By Maria Caicedo, Cooking and Gardening Coordinator
I believe that teaching kids through food is not only valuable but indispensable. Farmers Markets for Kids workshops create a space for conversation about, and interaction with, healthy foods; out in the open, on the street, where people are free to join in, share, and learn together. We know because every time we hold a veggie up to show our children and they don’t know what it is, there’s a child who is slowly losing that innate connection he or she, and all of us, have with nature. We’ve seen it so many times. Any kind of green leaf becomes “salad” but what is its name? How does it grow? How long does it take to come from the farm to the table? Who harvests it? These are all valid and important questions for kids to wonder about. Food comes from the earth, from plants. Before we were bombarded with processed foods, all we ate were plants and meat from the animals we hunted.
At FMK, we find room to address these topics, and kids have so much insight. Some know more than we sometimes expect. And at other times we are perplexed by how much they don’t know. This is why every time we introduce a veggie to a child and they love it, we’re over the moon.
A couple of weeks ago, we showed our children different kinds of potatoes and emphasized there are so many more kinds than we could possibly bring to the market. At the sight of a purple one, one kid yelled “it’s a purtato!”. We must expose children to the many varieties of veggies and fruits that exist so they understand the earth is rich and diverse, just like its people. Most recently we cooked a recipe with cabbage and children couldn’t wrap their heads around the look of it when we crosscut it open. To help them visualize a cabbage from the inside, we asked the children to put their hands together palms down over one another in an overlapping fashion and then asked groups of kids to do it together so they could see their many hands were like the cabbage layers that came together to form it. Every time children have an experiential learning moment of this kind, they understand better and they develop almost an instant renewed appreciation for that which they’re learning about. Hands come together to make a cabbage, to support, to cook, to make change.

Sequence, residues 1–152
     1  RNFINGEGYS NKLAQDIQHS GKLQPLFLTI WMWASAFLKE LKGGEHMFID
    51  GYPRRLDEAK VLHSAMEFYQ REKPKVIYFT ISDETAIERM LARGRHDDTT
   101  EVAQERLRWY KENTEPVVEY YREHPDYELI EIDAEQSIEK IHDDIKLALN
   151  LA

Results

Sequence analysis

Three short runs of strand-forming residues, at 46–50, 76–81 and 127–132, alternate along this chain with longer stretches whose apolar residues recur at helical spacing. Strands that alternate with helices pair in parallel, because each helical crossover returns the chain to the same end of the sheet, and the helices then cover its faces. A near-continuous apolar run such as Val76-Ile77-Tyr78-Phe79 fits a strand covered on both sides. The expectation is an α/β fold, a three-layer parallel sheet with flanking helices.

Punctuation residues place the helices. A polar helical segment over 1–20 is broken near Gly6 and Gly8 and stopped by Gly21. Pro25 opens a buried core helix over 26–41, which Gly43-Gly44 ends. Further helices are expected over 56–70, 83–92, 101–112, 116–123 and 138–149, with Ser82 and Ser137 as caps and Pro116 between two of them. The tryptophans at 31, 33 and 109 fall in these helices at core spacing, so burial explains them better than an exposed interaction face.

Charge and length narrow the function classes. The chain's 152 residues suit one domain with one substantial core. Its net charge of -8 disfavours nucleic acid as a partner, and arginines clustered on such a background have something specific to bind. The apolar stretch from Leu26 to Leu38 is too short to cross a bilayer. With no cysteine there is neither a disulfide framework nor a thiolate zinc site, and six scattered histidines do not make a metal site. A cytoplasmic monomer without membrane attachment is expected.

When we first began the FMK season this year, it seemed really long before we would close shop and “call it a day” but time really does fly and we’re coming near the end, when we hide for the winter months. And we will miss our cabbage hands, our “purtato” heads.